Multiple COVID-19 efforts
The partnership with Translate Bio marks the latest of several Sanofi efforts to develop COVID-19 treatments, and the second that involves creating a vaccine.
On February 18, Sanofi Pasteur announced a vaccine collaboration with the Biomedical Advanced Research and Development Authority (BARDA) based on Sanofi’s recombinant DNA platform, designed to produce an exact genetic match to proteins found on the surface of the virus, and the company’s previous development work for a SARS vaccine.
Sanofi’s recombinant DNA technology is designed to produce an exact genetic match to proteins found on the surface of the virus. The DNA sequence encoding this antigen would be combined into the DNA of the baculovirus expression platform—the basis of Sanofi’s licensed recombinant influenza product—and used to rapidly produce large quantities of the coronavirus antigen which will be formulated to stimulate the immune system to protect against the virus.
Sanofi is also partnering with Regeneron Pharmaceuticals to develop a new COVID-19 indication for the companies’ marketed arthritis drug Kevzara® (sarilumab). On March 16, the companies said they launched a Phase II/Phase III clinical trial program in the U.S. evaluating Kevzara as a treatment for severe COVID-19 coronavirus infection in up to 400 patients.
The primary Phase II endpoint is reduction of fever and the secondary endpoint is decreased need for supplemental oxygen. Phase III will evaluate improvement in longer-term outcomes including preventing death and reducing the need for mechanical ventilation, supplemental oxygen and/or hospitalization. Regeneron will lead clinical studies in the U.S., while Sanofi will do so overseas.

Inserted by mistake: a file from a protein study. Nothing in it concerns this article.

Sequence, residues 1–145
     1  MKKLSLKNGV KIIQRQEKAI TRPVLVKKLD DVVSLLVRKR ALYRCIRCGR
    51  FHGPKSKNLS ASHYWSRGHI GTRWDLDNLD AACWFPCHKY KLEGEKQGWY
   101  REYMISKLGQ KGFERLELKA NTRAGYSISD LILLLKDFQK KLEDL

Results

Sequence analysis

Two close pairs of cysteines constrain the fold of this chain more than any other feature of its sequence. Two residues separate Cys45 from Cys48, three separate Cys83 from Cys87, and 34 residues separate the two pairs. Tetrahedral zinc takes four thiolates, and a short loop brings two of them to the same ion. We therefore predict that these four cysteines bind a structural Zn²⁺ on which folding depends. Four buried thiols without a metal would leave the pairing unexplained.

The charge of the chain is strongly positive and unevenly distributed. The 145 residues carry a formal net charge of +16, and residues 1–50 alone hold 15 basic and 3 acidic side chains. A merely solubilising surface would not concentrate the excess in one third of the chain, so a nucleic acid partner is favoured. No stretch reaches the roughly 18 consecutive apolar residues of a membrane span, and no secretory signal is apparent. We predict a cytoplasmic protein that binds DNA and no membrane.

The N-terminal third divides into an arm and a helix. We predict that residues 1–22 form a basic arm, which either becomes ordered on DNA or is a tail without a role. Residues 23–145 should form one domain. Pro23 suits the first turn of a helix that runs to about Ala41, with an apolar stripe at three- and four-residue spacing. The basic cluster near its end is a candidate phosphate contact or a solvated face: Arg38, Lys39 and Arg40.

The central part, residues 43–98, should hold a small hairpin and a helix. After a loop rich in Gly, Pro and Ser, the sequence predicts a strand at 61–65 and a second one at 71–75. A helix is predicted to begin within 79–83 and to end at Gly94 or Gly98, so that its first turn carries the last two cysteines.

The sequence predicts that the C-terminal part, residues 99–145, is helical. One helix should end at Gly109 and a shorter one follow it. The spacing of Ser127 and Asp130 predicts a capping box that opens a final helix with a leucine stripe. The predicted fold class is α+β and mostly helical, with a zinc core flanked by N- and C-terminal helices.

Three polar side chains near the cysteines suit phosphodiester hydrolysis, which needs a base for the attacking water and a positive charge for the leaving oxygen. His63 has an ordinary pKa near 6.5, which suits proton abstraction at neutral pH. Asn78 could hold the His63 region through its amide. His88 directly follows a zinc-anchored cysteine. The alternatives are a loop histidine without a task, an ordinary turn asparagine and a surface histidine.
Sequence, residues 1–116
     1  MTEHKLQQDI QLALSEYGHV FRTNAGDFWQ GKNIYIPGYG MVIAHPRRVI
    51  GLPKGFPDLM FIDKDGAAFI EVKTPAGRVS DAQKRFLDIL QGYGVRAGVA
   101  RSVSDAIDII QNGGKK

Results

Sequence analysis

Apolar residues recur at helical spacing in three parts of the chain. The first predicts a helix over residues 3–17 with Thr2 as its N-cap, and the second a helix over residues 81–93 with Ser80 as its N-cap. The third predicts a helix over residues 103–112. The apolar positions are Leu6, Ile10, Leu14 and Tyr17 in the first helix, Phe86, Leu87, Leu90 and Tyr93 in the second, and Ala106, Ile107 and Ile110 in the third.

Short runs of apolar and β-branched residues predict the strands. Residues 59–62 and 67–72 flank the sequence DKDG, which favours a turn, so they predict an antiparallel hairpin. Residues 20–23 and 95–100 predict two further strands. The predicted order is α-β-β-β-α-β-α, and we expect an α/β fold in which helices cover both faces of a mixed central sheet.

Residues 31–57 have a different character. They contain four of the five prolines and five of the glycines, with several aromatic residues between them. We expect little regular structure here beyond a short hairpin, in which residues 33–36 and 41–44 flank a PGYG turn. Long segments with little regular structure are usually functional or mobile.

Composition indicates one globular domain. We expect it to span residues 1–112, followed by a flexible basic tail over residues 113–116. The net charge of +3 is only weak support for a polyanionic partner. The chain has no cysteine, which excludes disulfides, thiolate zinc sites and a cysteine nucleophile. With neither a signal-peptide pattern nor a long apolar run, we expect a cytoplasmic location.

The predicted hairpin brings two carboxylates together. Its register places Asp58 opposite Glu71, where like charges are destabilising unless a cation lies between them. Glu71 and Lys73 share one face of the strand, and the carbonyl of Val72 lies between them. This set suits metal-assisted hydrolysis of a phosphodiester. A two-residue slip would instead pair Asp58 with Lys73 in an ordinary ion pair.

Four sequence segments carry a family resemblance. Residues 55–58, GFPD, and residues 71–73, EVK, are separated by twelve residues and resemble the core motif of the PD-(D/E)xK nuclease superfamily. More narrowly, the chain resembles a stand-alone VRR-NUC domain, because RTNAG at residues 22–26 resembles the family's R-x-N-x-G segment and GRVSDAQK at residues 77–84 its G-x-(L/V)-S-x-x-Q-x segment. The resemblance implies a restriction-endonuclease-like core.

Kevzara is an interleukin-6 (IL-6) receptor antagonist approved by the FDA in 2017 to treat adults with moderately to severely active rheumatoid arthritis who have had an inadequate response or intolerance to one or more disease-modifying antirheumatic drugs. Regeneron and Sanofi reason that IL-6 may play a role in driving the overactive inflammatory response in the lungs of patients who are severely or critically ill with COVID-19.
Sanofi’s collaborations with BARDA and Regeneron are two of 60 COVID-19 development programs that were highlighted in a GEN A-List published earlier this month. That list will be updated soon with additional treatments.
“We are committed to leveraging different ways to address the COVID-19 public health crisis by testing treatments, as well as two vaccines using different platforms. We believe the more approaches we explore, the better our likelihood of success in achieving this goal,” stated David Loew, Global Head of Vaccines at Sanofi. “Having sufficient installed capacity will be key to satisfy the strong demand for vaccines we will probably see, and based on the experience we’ve had under the collaboration to date, we believe the Translate Bio mRNA platform could help us meet that need.”